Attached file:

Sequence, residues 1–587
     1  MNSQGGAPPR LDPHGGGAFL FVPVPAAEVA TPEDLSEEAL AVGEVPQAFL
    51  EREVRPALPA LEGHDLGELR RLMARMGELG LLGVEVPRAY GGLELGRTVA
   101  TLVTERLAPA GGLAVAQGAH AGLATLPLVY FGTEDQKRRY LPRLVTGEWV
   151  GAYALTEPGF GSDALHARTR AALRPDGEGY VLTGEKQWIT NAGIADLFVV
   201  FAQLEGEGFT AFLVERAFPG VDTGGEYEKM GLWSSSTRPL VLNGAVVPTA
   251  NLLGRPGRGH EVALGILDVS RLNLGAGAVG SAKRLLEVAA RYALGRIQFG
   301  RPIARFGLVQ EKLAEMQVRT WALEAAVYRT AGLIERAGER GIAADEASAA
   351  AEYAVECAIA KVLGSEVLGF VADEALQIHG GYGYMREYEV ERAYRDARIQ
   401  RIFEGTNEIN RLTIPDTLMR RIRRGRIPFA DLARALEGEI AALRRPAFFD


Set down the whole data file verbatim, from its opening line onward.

Sequence, residues 1–587
     1  MNSQGGAPPR LDPHGGGAFL FVPVPAAEVA TPEDLSEEAL AVGEVPQAFL
    51  EREVRPALPA LEGHDLGELR RLMARMGELG LLGVEVPRAY GGLELGRTVA
   101  TLVTERLAPA GGLAVAQGAH AGLATLPLVY FGTEDQKRRY LPRLVTGEWV
   151  GAYALTEPGF GSDALHARTR AALRPDGEGY VLTGEKQWIT NAGIADLFVV
   201  FAQLEGEGFT AFLVERAFPG VDTGGEYEKM GLWSSSTRPL VLNGAVVPTA
   251  NLLGRPGRGH EVALGILDVS RLNLGAGAVG SAKRLLEVAA RYALGRIQFG
   301  RPIARFGLVQ EKLAEMQVRT WALEAAVYRT AGLIERAGER GIAADEASAA
   351  AEYAVECAIA KVLGSEVLGF VADEALQIHG GYGYMREYEV ERAYRDARIQ
   401  RIFEGTNEIN RLTIPDTLMR RIRRGRIPFA DLARALEGEI AALRRPAFFD